Note: Based on “determinations” formed in minutes and possibly based on nothing more substantial than accusation, a plaintiff is deemed a “victim” whose identity and privacy must be protected, and the defendant is deemed a “violent threat” whose privacy is accordingly due no consideration. After the term of the restraining order has flown, the “danger” to the accuser is assumed to have been resolved, but the accuser continues to enjoy anonymity while the accused must go on bearing the implications of the restraining order for the rest of his or her life, exactly as if those implications were a criminal sentence.

Only in the recent past, in fact, did it even become possible to remove a Massachusetts restraining order defendant’s name from the domestic violence registry if it were found that allegations against him or her were substantially or totally false. (Remember that such allegations are made ex parte in the time it takes to place an order at McDonald’s.)

Until recently, it was almost impossible to expunge a person’s record with the domestic violence registry once the initial entry was made. In the 2006 case of Commissioner of Probation v. Adams, it was recognized that a judge has the inherent authority to expunge a record of an abuse [from the] violence registry system in the rare and limited circumstance that the judge finds the order was obtained through fraud on the court.

Note: The phrase rare…circumstance (of fraud) is emphasized in the original document quoted above (“Massachusetts Restraining Orders Procedure and Ramifications”), which was authored by an all-female law firm (Mavrides Law of Boston). Allegations of rampant restraining order misuse in Massachusetts have actually been the subject of press coverage and at least one law review monograph, and one of the most outspoken critics of restraining orders, attorney Gregory Hession, practices in Massachusetts and has for many years reported that restraining orders are “out of control.”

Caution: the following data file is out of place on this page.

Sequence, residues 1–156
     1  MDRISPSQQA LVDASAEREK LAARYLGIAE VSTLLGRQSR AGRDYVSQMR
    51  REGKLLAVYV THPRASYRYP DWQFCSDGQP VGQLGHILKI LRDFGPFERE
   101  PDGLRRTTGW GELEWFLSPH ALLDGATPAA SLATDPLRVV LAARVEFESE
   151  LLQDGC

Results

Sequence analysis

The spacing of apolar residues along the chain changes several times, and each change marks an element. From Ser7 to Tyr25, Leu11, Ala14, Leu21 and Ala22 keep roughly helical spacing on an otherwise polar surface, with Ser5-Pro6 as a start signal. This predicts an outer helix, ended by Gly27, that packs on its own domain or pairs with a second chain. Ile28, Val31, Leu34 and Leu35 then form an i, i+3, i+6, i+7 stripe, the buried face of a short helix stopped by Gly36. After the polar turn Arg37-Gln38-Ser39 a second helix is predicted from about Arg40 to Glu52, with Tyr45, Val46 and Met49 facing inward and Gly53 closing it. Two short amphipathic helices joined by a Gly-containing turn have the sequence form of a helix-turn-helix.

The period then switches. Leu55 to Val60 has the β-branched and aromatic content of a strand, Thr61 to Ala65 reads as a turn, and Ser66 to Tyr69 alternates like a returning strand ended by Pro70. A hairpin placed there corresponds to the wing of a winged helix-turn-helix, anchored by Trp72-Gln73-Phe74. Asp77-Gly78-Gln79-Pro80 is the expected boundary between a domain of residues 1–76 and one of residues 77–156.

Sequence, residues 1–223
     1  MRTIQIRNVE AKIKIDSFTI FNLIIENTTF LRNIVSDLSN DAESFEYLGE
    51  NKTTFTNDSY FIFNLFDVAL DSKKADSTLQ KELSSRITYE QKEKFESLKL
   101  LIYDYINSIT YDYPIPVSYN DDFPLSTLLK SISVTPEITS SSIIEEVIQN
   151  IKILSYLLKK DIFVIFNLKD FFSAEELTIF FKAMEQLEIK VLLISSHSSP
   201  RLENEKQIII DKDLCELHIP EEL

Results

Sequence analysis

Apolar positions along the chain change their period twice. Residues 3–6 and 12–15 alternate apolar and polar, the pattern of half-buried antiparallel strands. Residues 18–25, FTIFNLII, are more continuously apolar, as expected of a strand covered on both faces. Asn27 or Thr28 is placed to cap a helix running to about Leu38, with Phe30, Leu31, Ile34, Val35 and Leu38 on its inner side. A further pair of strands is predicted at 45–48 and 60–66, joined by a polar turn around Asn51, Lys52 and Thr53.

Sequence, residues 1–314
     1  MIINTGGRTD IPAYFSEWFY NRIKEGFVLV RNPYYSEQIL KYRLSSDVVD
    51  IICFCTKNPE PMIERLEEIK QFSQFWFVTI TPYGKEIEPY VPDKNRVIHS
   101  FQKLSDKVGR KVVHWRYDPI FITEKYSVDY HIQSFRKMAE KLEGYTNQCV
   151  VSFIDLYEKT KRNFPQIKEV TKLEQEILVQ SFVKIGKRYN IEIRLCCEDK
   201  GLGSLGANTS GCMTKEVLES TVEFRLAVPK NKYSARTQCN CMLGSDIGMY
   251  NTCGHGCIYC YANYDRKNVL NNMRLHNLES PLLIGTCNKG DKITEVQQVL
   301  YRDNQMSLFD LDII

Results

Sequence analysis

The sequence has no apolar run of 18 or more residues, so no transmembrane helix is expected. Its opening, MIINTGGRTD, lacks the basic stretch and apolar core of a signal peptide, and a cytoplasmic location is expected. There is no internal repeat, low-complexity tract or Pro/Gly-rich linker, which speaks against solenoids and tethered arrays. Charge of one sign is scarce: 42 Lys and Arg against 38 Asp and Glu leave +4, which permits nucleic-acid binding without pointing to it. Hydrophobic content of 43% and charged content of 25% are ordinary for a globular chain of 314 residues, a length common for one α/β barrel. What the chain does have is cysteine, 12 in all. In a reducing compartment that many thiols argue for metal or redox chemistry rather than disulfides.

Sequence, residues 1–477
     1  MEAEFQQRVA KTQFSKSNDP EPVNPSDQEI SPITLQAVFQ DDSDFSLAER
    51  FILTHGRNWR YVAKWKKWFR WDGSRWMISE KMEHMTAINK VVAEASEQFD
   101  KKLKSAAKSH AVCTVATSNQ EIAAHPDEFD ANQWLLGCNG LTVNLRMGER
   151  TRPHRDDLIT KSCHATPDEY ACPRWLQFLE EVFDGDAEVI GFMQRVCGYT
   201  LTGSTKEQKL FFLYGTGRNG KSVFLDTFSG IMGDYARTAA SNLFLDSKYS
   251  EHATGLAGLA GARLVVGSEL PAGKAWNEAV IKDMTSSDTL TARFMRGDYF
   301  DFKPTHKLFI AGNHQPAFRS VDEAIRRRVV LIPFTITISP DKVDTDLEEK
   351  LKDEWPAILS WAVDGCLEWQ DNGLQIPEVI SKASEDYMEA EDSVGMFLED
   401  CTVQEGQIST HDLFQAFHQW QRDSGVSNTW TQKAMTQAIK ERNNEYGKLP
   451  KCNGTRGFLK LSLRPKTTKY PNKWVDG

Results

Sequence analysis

The previous two posts on this blog were responses to allegations that those who criticize restraining orders and domestic violence laws are “opposed to the battered women’s movement.” Defenders of these laws are urged to ask themselves how Ally’s wanting to be able to provide for her daughter and one day attend her daughter’s graduation has anything to do with battered women at all.

They’re also urged to ask themselves how denying Ally these opportunities isn’t itself an act of brutality.